A conveyor belt is typically made of a viscoelastic material, which extends elastically under tension. While running in different segments (except for the driving roller segment), the belt has to overcome various resistances, causing its tension to increase continuously. Correspondingly, the belt gradually extends, its speed gradually increases, and its tension and extension at the joining end of the driving roller increase. Because the peripheral velocity of the roller is constant, the belt elongates and slides along the opposing direction of the roller rotation, which leads to the creep of the conveyor belt on the roller . This condition in turn affects the transfer of the peripheral force of the driving roller, i.e., power allocation. To improve the performance of the conveyor, the extension and slide of the belt should be reduced to a minimum. However, the elastic extensions of conveyor belts vary according to type.
The elastic modulus of the conveyor belt is the ratio between the stress and strain of the belt; it is an important index for assessing the capability of the belt to resist elastic deformation. A higher elastic modulus often indicates that a greater stress is required to cause elastic deformation of a belt and that the rigidity of the belt will be greater. For a certain type of conveyor belt, the elastic modulus remains constant . To date, numerous studies on conveyor belts have been reported. These studies have mainly focused on the resistance of a belt while running. The resistance between the belt and the rollers accounts for approximately 60% of the total resistance during belt operation [5, 7, 14, 15]. The elastic modulus of the bottom cover of the belt is also an important factor for running resistance. Given the same specifications of the conveyor belt, an increased rigidity of the bottom cover of the belt, i.e., the adoption of the bottom cover with a higher elastic modulus, can effectively reduce the indentation area of the supporting roller on the belt, thereby reducing the running resistance [21–23].
Multi-roller driving serves as an extension of single-roller driving, which is, theoretically, a result of the increasing surrounding angle between the belt and the roller. Multi-roller driving arrangements can take multiple forms, and the basic forms include double-head roller driving and single-head and tail roller driving. With the increase in the conveying distance and conveyed volume of conveyor belts, central line friction driving and combinations of the two basic arrangements have been developed to satisfy the requirements for large traction forces . Due to its balanced power allocation, multi-roller driving effectively reduces the motor power of the main output under the condition of uneven power allocation, which reduces the maximum tension of the conveyor belt, thereby elongating the service life of the belt. However, the manner in which the elastic modulus of the conveyor belt influences the power allocation and the extent of this influence remains unreported.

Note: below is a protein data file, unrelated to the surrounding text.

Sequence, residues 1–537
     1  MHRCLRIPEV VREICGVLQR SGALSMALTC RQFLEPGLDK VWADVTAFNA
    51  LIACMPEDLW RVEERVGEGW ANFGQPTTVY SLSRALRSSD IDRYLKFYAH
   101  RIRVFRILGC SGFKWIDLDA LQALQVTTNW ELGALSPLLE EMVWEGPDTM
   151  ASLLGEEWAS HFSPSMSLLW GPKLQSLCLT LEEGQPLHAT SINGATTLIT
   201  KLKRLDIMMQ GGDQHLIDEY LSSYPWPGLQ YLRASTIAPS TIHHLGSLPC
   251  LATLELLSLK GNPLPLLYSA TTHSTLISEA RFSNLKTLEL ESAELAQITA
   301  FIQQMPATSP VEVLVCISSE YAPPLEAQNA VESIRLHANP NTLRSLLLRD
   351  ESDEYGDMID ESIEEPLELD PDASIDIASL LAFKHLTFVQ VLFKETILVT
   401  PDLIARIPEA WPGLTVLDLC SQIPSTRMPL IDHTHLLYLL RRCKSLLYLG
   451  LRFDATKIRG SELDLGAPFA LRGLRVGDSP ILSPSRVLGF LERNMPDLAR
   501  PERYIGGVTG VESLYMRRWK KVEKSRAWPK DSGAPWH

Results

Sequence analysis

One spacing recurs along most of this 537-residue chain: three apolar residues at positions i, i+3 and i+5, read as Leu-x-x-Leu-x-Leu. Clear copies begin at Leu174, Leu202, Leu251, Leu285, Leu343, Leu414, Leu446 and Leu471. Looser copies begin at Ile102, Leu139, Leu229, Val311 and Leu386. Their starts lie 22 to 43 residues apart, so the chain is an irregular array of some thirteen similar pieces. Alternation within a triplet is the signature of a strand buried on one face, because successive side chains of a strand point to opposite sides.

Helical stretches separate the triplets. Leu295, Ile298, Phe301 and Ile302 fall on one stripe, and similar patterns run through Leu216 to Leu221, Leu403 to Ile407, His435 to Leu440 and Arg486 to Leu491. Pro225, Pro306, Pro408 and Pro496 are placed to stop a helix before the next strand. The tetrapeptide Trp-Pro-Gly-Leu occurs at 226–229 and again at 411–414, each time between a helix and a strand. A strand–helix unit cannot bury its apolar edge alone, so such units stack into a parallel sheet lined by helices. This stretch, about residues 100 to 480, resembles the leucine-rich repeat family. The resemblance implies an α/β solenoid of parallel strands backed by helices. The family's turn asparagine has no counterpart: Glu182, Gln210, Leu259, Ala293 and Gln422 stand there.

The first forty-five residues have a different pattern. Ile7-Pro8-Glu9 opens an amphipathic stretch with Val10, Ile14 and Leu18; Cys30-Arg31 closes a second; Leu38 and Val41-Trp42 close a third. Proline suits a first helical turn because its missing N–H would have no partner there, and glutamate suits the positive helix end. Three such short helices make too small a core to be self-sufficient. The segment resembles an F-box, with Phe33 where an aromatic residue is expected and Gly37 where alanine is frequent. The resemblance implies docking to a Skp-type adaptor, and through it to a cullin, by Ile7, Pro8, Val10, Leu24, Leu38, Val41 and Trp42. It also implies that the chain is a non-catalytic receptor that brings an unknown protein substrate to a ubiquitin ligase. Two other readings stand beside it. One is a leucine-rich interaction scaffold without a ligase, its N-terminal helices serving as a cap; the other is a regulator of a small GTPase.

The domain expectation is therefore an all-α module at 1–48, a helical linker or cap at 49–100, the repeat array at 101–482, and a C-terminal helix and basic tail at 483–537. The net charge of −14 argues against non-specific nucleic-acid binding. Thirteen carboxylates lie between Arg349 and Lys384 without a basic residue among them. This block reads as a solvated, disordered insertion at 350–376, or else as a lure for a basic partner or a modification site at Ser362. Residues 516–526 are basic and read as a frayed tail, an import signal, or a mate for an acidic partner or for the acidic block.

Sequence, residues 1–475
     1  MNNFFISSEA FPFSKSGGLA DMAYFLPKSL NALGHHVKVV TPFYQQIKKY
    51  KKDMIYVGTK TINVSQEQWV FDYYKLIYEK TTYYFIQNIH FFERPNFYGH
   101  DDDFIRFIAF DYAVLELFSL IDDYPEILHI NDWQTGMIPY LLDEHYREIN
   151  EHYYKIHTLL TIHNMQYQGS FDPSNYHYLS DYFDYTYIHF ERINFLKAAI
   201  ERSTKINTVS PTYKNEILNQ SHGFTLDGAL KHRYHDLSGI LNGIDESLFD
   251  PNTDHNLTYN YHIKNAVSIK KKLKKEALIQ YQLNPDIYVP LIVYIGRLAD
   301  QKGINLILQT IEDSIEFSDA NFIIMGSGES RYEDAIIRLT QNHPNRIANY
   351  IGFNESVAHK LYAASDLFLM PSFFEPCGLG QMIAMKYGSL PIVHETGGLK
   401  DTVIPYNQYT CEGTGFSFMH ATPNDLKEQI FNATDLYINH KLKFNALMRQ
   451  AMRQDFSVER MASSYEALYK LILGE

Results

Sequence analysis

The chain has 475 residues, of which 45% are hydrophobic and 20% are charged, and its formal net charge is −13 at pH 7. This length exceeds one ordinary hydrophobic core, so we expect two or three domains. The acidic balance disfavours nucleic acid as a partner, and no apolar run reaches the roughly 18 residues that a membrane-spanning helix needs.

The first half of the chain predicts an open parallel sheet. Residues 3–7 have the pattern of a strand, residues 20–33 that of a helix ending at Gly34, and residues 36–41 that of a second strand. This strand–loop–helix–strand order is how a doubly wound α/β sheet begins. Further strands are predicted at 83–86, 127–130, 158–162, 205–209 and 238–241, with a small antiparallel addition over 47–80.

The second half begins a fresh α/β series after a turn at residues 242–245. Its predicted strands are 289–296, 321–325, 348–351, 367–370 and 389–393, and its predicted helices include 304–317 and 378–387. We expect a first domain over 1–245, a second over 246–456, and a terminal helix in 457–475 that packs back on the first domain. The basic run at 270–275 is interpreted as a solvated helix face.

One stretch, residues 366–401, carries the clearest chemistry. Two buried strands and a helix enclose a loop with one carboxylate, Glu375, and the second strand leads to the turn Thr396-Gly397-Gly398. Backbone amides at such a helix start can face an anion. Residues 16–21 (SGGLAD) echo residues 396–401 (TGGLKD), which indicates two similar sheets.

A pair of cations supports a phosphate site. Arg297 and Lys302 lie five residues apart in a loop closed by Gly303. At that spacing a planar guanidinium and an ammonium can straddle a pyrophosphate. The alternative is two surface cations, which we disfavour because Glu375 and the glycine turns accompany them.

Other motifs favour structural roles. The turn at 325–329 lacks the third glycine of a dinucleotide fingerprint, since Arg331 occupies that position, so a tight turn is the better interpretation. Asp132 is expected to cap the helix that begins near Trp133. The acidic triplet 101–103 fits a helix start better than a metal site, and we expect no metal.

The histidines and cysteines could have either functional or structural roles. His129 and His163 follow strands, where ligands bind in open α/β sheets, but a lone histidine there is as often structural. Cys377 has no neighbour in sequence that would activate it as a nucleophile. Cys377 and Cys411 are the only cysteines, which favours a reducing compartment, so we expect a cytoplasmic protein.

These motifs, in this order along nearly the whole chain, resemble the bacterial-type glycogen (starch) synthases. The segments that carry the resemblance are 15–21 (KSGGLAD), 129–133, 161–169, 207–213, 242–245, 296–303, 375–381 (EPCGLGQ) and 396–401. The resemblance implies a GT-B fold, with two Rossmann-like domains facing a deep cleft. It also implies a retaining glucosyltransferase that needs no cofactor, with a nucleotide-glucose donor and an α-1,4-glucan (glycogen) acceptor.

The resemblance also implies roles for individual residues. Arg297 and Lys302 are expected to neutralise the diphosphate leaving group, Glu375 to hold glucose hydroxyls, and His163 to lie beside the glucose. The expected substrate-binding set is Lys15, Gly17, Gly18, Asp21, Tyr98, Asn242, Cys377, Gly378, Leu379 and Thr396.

Using typical double-head driving conveyor belts as the study object, this study investigates the influence of the elastic modulus of the belt on the driving force of the rollers. For the dynamic analysis of long-distance belt conveyors, the commonly used modeling methods include the Maxwell model, the Kelvin-Voigt model, the Standard model, and the Maxwell-Kelvin model. The Maxwell model connects springs and damping in series; however, it is applicable for only the stress analysis of the belt. Although the Standard model and Maxwell-Kelvin model can satisfactorily reflect the viscoelasticity of the belt, they are disadvantageous because they require too many parameters and a complex modeling process [6, 17]. The Kelvin-Voigt model connects springs and dampers in parallel. This model reflects not only the stress of the belt but also the deformation of the belt. Furthermore, the modeling process of the Kelvin-Voigt model is simple. Therefore, to achieve the goal of this study, the Kelvin-Voigt viscoelastic model is taken as the unit model of the conveyor belt, and a dynamic model of the belt conveyor is established. However, the Kelvin-Voigt model places particular emphasis on the belt dynamics caused by belt viscoelasticity. Belt indentation is introduced into the simulation model in the form of a resistance parameter. AMEsim simulation software is used for the dynamic analysis of the discrete model of the whole machine. DIN is used to simulate the friction coefficient, and the point-by-point tension method is utilized to calculate the resistance. Loading is performed according to the variation in the starting acceleration during the start-up process when the belt is under a full load, and sine acceleration is used in this study. By measuring the strains at the belt approach point and the runaway point from the drive roller, the driving force values for individual rollers of the conveyor belts with different elastic moduli are obtained. Actual measurements are performed to obtain the power ratio between the driving rollers; then, the actual results and the simulation results are compared.